Risk: The fear of outsourcing arises from our perceptions of outside food (as created by the craving food model) and the lack of transparency around the cooking environment (hygiene), nature of ingredients used, freshness (vs. frozen food), calorie/health impact, etc.
Therefore, think of the solution being a (or many) trusted brand that uses high quality ingredients, in hygienic, distributed kitchens, with automation, provides a reasonable set of food and calorie options and is supported by a delivery network that ensures on-demand, freshness.
What if you could have your breakfast of fresh aloo paratha with curd, lunch of khichdi-kadhi and dinner of roti-sabzi-dal delivered at pre-determined slots, from a kitchen that has live video streaming, with a detailed ingredient and nutrition chart and bio-degradable, yet packaging? (Replace menu with that of your choice!) What if different members of your family could eat what they preferred or what is appropriate to their age and fitness, rather than everyone having the same items?
The choice, quality and trust will come at a cost… but think of what you have gained at home, in terms of time, effort, space. Will all families shut their kitchens? Well, some might. And everyone can choose to cook, when they want to.
There would also be tremendous efficiency benefits in the agricultural and protein value chain. The highly distributed, sub-scale production of food lends itself to huge waste and loss of productivity. Think of all the vegetables and fruit that rot as they move through the distribution network. Instead, more centralized production would enable superior planning, sourcing and storage processes. Technology can play a valuable role, from using blockchain to provide end-to-end visibility to platforms that connect nutritionists, chefs, ingredient vendors and consumers.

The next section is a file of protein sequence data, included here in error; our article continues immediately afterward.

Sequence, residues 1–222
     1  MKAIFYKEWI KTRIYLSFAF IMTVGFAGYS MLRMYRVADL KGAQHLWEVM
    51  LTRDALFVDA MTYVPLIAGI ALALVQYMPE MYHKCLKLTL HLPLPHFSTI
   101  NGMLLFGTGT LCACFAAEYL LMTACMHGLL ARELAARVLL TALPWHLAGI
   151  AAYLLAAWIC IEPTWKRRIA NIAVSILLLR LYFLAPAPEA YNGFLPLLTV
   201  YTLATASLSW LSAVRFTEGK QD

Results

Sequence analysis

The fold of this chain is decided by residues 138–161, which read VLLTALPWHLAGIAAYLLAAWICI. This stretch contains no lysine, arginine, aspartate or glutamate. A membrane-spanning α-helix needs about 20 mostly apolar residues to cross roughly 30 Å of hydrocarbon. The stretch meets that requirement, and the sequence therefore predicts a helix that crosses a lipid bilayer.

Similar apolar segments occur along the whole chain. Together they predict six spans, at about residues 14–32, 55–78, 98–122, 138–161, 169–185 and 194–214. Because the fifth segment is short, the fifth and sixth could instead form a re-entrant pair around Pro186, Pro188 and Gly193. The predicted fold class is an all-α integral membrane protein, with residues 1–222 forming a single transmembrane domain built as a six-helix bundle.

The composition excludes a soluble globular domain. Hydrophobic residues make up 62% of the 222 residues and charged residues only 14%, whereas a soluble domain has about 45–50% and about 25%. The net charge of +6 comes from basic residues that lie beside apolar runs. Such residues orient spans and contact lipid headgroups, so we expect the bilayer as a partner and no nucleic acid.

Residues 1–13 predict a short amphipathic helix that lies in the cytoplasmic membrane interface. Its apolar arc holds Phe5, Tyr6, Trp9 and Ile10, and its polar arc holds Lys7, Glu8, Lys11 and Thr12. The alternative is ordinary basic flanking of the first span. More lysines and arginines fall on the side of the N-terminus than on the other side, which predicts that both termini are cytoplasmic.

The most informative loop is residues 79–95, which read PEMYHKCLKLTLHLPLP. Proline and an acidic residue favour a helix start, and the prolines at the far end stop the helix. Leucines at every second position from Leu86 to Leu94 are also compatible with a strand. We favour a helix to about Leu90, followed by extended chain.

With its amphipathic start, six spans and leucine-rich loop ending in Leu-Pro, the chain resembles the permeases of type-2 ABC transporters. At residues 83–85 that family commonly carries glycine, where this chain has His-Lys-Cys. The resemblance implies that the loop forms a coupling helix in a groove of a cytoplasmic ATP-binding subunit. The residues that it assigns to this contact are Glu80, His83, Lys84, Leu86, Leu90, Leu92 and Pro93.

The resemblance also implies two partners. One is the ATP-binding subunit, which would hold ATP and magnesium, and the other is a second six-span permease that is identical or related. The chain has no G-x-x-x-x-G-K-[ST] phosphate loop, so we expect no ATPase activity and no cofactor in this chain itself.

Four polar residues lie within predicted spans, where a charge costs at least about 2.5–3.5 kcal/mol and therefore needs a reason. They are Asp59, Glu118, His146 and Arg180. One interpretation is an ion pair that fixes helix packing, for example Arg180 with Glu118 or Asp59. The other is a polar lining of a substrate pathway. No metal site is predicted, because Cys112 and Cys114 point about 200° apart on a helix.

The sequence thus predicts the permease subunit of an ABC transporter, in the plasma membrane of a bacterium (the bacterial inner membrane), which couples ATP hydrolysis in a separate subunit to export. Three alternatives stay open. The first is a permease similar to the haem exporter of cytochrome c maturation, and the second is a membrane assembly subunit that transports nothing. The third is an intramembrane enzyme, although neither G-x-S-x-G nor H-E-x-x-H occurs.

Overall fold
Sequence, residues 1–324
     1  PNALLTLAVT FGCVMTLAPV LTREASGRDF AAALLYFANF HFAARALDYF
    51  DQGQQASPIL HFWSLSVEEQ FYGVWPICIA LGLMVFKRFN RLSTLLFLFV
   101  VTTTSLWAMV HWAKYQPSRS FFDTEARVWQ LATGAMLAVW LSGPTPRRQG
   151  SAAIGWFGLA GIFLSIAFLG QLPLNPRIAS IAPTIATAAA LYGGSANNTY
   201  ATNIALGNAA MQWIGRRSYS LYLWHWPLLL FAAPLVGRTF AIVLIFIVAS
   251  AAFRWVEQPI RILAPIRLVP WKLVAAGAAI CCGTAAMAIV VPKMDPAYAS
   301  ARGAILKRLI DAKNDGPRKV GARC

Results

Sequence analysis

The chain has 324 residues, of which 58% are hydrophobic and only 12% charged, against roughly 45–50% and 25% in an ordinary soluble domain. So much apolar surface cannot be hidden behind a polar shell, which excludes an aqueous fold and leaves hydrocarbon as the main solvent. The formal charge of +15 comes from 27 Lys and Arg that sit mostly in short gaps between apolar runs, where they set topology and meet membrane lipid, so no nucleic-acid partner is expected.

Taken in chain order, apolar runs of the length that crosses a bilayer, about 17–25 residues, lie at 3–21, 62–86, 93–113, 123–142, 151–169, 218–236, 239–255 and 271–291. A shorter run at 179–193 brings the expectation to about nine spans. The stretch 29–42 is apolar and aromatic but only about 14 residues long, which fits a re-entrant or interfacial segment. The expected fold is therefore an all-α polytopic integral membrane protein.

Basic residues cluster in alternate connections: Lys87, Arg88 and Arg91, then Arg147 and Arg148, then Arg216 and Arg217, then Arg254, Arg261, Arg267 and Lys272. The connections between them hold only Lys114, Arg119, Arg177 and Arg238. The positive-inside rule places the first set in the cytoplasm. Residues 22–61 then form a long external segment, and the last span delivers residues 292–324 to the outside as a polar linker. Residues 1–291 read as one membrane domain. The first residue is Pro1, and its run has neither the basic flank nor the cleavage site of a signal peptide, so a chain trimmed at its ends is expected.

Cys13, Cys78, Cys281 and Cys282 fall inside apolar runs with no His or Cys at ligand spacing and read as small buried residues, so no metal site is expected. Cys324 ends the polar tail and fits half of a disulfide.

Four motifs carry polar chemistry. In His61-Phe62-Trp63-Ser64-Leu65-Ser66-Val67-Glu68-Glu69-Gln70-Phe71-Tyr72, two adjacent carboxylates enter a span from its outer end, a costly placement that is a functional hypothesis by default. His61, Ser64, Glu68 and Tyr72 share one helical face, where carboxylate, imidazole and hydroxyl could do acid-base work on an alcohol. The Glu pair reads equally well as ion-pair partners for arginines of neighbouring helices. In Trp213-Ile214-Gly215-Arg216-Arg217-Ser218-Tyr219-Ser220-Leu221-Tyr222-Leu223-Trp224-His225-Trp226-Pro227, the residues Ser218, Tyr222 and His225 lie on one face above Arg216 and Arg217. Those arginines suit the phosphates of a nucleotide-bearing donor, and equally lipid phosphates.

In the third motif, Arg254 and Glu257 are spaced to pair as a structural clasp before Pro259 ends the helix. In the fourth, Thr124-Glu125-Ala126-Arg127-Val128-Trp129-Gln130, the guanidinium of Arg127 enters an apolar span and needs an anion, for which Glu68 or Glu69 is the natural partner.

Is it Possible?
Yes, the infrastructure is actually there. Hundreds of central kitchens have been built in the last few years. Many restaurants that are facing demand crisis due to seating restrictions are all kitchens waiting to be converted. Delivery networks have been built in most cities, with a 30-minute promise. The recent easing of regulations in agricultural procurement will help in sourcing efficiencies. It’s all there. What is missing is a solution. A brand that evokes trust for the most important product that we consume daily.
Food is an intricate part of our life, our culture. We see the romance that a beautifully crafted dish demonstrates, the bonding of a family breaking bread together. What we miss behind this rosy picture is the millions of Ramya Rauts toiling every day to get the dabbas ready on time. The future of food is in making it fun again, for everyone in the family.
Srinivasa Addepalli is the founder & CEO of EdTech startup, GlobalGyan.